UK's net-zero goal needs new nuclear, says Atkins

13 January 2020

Engineering firm Atkins has published a new report detailing the investment in low-carbon energy needed for the UK to achieve its target of net-zero emissions by 2050. The report - titled Engineering Net Zero - calls for the government to significantly increase investment in nuclear power.

Engineering Net Zero (Image: Atkins)

In June 2019, the UK became the first major economy in the world to pass laws to end its contribution to global warming by 2050. The government's 2050 net-zero target was recommended by the Committee on Climate Change, its independent climate advisory body. Net-zero means any emissions would be balanced by schemes to offset an equivalent amount of greenhouse gases from the atmosphere, such as planting trees or using technology like carbon capture and storage (CCS). The target requires the country to bring all its GHG emissions to net-zero by 2050, compared with the previous target of an at least 80% reduction from 1990 levels. The UK has already reduced emissions by 42% while growing the economy by 72%. Atkins notes that to achieve net-zero, the UK needs a four-fold increase in low-carbon energy, from 155 TWh in 2017 to 645 TWh in 2050.

"The challenge is not just an energy sector one and will not be saved by major energy projects alone; we must look at how we consume and use energy, in travel, heating and in industry," the company says.

The report notes that nuclear provides about 18% of the UK's electricity, but seven of the country's eight operating plants will be retired by 2030. "Government policy for the past decade has been to replace this capacity, building up to 15GW of new nuclear power. However, large nuclear plants face major affordability challenges, with the cost of capital being a particularly sensitive issue." It says the withdrawal of Hitachi from the Wylfa Newydd project "confirmed that the current UK model for financing such projects is not fit for purpose". The government is considering the introduction of a Regulated Asset Base (RAB) model for financing new nuclear power projects, which could significantly reduce the levelised cost of electricity (LCOE), Atkins notes. A consultation on RAB was launched in July 2019.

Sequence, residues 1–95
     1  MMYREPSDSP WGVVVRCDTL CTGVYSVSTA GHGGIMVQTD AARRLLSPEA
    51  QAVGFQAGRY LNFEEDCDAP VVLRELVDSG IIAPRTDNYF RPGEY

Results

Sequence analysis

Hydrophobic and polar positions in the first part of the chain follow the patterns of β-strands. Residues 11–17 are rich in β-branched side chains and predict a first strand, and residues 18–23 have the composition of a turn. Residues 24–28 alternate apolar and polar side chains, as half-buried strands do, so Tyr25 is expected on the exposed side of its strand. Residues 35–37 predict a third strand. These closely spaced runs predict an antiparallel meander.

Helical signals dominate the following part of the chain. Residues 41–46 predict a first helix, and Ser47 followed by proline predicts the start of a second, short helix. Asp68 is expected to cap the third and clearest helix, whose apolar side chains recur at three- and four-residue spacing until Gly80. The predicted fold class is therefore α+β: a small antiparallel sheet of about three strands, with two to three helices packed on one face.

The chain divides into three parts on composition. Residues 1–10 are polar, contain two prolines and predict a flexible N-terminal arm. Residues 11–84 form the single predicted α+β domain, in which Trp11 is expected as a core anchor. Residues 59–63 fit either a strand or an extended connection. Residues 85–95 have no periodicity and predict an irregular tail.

However, the report says the net-zero scenario "appears to have dismissed current government policy and the ongoing work to address the financial model". The scenario "effectively curtails new nuclear in the mid-2030s" following the completion of the three plants currently under development: Hinkley point C, Sizewell C and Bradwell B. "Rather than keeping the technically proven nuclear option open, net-zero relies on CCS, of which we have zero current capability, or a much larger amount of renewables and, an as yet undefined, large storage capability."

Atkins says that nuclear energy is "a critical but currently undervalued element" within the UK's energy system. "Nuclear presents a low technological risk but is significantly challenged by the current financial model. With declining UK gas production, nuclear offers the only firm power with assured security of supply and is an essential component for a stable, least cost, energy system.

"It is entirely possible that the least cost route to net-zero will require considerably more nuclear than is currently being considered. If the UK's nuclear new build market is effectively shut down in the mid-2030s it will be both difficult and expensive to resurrect this capability late in the run-up to 2050."

Atkins suggests the government urgently prioritises its consultation on alternative financing models for financing nuclear projects (RAB) and develops innovative approaches to construction risk. It also suggests a review of the electricity market and an evaluatation of the impact of intermittent renewables on firm power pricing.

"We welcomed last month's Queen's Speech with the government's commitments to increase offshore wind capacity, and invest in building a carbon capture storage cluster, however we do need a commitment to significantly increase investment in nuclear to reach net-zero," said Chris Ball, managing director for nuclear and power at Atkins.

The Queen's Speech sets out the government’s agenda for the coming parliamentary session.

Researched and written by World Nuclear News